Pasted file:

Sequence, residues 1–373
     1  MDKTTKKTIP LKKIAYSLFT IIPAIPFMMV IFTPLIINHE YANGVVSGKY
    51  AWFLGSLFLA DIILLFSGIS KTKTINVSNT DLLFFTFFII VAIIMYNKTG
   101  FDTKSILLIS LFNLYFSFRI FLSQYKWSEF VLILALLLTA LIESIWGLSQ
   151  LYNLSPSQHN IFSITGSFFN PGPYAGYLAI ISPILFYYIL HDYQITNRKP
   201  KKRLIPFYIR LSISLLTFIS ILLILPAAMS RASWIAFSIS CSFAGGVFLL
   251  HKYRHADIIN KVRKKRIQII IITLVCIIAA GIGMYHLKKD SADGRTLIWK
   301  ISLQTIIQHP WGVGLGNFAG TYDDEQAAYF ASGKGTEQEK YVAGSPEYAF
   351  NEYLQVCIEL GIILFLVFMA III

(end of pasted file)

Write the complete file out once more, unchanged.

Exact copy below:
Sequence, residues 1–373
     1  MDKTTKKTIP LKKIAYSLFT IIPAIPFMMV IFTPLIINHE YANGVVSGKY
    51  AWFLGSLFLA DIILLFSGIS KTKTINVSNT DLLFFTFFII VAIIMYNKTG
   101  FDTKSILLIS LFNLYFSFRI FLSQYKWSEF VLILALLLTA LIESIWGLSQ
   151  LYNLSPSQHN IFSITGSFFN PGPYAGYLAI ISPILFYYIL HDYQITNRKP
   201  KKRLIPFYIR LSISLLTFIS ILLILPAAMS RASWIAFSIS CSFAGGVFLL
   251  HKYRHADIIN KVRKKRIQII IITLVCIIAA GIGMYHLKKD SADGRTLIWK
   301  ISLQTIIQHP WGVGLGNFAG TYDDEQAAYF ASGKGTEQEK YVAGSPEYAF
   351  NEYLQVCIEL GIILFLVFMA III